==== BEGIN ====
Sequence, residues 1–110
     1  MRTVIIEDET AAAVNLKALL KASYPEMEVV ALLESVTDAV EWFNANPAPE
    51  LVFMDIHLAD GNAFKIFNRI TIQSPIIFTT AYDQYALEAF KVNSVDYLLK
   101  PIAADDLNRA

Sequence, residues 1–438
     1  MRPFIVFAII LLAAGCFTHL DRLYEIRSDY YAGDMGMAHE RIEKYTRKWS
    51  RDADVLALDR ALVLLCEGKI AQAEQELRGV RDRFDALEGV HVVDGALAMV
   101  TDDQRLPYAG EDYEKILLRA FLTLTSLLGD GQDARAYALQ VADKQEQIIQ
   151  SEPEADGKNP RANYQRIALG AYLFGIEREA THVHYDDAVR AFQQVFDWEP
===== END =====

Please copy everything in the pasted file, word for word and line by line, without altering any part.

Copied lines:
Sequence, residues 1–110
     1  MRTVIIEDET AAAVNLKALL KASYPEMEVV ALLESVTDAV EWFNANPAPE
    51  LVFMDIHLAD GNAFKIFNRI TIQSPIIFTT AYDQYALEAF KVNSVDYLLK
   101  PIAADDLNRA

Sequence, residues 1–438
     1  MRPFIVFAII LLAAGCFTHL DRLYEIRSDY YAGDMGMAHE RIEKYTRKWS
    51  RDADVLALDR ALVLLCEGKI AQAEQELRGV RDRFDALEGV HVVDGALAMV
   101  TDDQRLPYAG EDYEKILLRA FLTLTSLLGD GQDARAYALQ VADKQEQIIQ
   151  SEPEADGKNP RANYQRIALG AYLFGIEREA THVHYDDAVR AFQQVFDWEP